]. We have previously reported the same antagonism effect for UGT1A7
low-activity genotypes and dietary BaP on risk of colon cancer in this population [17
]. Thus, our findings appear to support a low-dose joint effects model between UGT1A1, UGT1A7, and dietary BaP on the association with colon cancer.
We previously found that UGT1A1
polymorphisms were strongly associated with the in-vitro
hepatic glucuronidation of the N
]. However, modification by UGT1A1 genotypes for PhIP and colon cancer was not observed in our data. This result could be explained by the interindividual variability observed in the CYP1A2 activity, the enzyme responsible for the conversion of PhIP to N
]. Because of this variability, it is possible that the estimation of the PhIP exposure is not a precise measure of the N
We showed for the first time the impact of UGT1A9
-275 polymorphism on colon cancer risk, the joint effect is observed for pan-fried meat and -275 high/intermediate (AA/AT) activity genotype (P for interaction=0.04). Meat that is cooked above a heat source, by methods such as barbecuing, contain the highest levels of PAHs [33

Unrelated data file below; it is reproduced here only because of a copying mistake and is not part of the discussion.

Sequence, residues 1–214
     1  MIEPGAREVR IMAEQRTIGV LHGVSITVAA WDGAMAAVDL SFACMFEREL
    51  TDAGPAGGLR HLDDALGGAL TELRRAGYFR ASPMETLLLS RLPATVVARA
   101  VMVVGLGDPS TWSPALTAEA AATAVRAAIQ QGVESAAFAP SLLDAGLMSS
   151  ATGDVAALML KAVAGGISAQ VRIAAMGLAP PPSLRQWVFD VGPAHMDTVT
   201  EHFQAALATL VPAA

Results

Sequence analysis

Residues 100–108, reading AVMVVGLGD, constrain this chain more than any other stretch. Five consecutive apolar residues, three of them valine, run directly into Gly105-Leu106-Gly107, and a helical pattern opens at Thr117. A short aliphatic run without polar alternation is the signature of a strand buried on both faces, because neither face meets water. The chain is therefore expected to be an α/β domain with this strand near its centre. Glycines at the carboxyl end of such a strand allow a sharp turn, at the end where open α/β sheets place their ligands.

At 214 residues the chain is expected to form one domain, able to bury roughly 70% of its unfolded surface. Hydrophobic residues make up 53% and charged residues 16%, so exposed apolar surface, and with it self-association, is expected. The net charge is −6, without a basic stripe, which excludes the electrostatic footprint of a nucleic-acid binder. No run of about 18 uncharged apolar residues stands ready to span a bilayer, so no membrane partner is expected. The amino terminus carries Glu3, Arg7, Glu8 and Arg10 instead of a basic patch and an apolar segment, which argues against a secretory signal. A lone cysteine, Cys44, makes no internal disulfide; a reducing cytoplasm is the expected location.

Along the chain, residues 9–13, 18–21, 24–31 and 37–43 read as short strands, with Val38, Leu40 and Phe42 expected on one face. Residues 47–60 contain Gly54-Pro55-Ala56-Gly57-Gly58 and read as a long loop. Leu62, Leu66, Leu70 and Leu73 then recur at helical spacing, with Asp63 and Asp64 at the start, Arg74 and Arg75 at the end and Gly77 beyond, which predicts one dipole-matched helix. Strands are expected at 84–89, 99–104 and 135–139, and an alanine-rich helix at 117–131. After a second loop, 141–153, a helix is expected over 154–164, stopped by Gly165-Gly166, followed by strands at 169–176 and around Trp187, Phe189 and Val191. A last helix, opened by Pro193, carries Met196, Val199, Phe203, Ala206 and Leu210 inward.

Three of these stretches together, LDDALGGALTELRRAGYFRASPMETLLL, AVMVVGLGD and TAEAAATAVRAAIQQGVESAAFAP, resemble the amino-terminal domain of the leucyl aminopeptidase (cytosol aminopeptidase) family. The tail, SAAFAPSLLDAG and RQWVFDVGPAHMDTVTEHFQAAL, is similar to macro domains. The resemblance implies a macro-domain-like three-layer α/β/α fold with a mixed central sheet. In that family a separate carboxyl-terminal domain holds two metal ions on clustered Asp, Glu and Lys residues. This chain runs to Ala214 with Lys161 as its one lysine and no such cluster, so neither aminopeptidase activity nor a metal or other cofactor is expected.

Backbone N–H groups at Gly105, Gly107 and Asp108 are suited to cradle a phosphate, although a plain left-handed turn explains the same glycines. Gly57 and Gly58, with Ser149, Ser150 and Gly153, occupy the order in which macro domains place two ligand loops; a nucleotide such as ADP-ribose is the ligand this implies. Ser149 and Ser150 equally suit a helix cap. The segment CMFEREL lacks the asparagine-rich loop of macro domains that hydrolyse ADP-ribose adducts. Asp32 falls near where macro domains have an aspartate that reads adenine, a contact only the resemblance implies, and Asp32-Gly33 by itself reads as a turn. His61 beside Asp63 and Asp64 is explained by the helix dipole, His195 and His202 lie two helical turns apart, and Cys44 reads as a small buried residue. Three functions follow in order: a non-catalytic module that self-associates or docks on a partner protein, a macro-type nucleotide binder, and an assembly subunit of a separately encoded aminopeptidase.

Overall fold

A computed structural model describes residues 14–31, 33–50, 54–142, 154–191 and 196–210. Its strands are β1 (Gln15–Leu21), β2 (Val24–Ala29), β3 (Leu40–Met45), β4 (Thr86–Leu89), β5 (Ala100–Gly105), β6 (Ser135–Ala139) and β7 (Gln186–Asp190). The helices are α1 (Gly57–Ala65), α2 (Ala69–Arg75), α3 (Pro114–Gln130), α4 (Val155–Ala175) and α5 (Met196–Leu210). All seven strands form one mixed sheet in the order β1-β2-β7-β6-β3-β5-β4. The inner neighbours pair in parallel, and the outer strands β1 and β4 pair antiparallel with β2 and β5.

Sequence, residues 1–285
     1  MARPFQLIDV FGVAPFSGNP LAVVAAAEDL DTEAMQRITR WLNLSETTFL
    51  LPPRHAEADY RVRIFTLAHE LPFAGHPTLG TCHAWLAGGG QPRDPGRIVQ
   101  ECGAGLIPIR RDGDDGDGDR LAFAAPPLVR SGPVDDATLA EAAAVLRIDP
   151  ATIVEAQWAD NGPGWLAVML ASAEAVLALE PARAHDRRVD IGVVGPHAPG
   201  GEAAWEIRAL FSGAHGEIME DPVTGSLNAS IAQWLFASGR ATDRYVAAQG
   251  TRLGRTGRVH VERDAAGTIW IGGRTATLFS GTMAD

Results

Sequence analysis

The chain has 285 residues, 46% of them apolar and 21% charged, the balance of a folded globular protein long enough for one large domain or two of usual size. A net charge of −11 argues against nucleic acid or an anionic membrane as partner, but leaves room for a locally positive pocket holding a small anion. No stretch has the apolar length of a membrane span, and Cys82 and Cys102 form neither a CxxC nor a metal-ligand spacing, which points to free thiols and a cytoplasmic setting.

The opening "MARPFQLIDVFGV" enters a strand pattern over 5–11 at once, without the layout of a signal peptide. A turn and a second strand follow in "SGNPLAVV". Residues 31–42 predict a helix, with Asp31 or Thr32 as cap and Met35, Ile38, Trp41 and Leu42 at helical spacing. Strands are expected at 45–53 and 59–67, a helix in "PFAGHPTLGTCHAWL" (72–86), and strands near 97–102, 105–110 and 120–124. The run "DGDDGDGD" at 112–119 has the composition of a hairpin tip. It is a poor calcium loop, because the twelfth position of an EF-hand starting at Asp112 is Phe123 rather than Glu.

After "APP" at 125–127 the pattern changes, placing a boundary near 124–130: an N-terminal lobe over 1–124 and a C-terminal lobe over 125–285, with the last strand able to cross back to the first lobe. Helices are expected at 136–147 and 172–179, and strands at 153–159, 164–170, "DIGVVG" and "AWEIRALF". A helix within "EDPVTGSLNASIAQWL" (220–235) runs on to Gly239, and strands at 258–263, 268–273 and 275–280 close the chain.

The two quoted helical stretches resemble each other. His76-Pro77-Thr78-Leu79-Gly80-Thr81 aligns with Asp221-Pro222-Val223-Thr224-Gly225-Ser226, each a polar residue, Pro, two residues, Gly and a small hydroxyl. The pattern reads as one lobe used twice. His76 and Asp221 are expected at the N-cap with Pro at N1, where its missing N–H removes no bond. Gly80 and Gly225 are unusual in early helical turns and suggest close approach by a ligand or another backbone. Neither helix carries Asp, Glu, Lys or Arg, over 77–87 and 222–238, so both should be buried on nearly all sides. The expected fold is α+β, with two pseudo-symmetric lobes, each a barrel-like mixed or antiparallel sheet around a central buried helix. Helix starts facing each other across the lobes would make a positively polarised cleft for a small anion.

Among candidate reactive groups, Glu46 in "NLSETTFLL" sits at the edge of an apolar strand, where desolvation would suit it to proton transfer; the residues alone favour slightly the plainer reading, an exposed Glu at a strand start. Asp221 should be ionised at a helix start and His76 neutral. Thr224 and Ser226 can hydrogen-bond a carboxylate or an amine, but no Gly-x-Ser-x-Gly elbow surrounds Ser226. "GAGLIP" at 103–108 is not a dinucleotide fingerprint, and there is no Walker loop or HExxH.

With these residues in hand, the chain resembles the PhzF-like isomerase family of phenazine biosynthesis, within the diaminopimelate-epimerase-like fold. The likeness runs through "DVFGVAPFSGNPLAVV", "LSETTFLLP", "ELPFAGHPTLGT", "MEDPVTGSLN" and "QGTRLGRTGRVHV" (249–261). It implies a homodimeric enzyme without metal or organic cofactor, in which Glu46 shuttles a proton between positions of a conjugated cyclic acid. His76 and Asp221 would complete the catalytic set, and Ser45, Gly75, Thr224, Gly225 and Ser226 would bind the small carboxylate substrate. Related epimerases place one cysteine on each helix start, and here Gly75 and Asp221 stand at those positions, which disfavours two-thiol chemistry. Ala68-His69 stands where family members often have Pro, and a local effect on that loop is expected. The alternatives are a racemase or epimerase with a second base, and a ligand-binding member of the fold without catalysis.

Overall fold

], because the meat is exposed to smoke formed from the pyrolysis of fatty juices that drip down onto the heat source [45
]. In contrast, the optimal conditions for HCA formation include high-temperature cooking such as pan-frying [46
The influence of UGT1A9 on cancer risk through pan-fried red meat deserves further exploration. Pan-fried red meat was associated with a two-fold increase in risk of colon cancer in this population [27
]. We observed the strongest association among the high/intermediate UGT1A9 genotype, suggesting either poor genotype-phenotype correlation, or that there is something in pan-fried red meat other than HCAs that are driving the association.
The predicted activity of UGT1A9
genotypes was based on our previous results where we demonstrated a higher level of UGT1A9 protein in human liver microsomes in subjects carrying the -275A allele [24
]. UGT1A9 is the most efficient enzyme in the formation of N-OH-PhIP-N3
]. Higher formation of N
-G associated with the -275A allele has the potential to increase the exposure of the colon to N3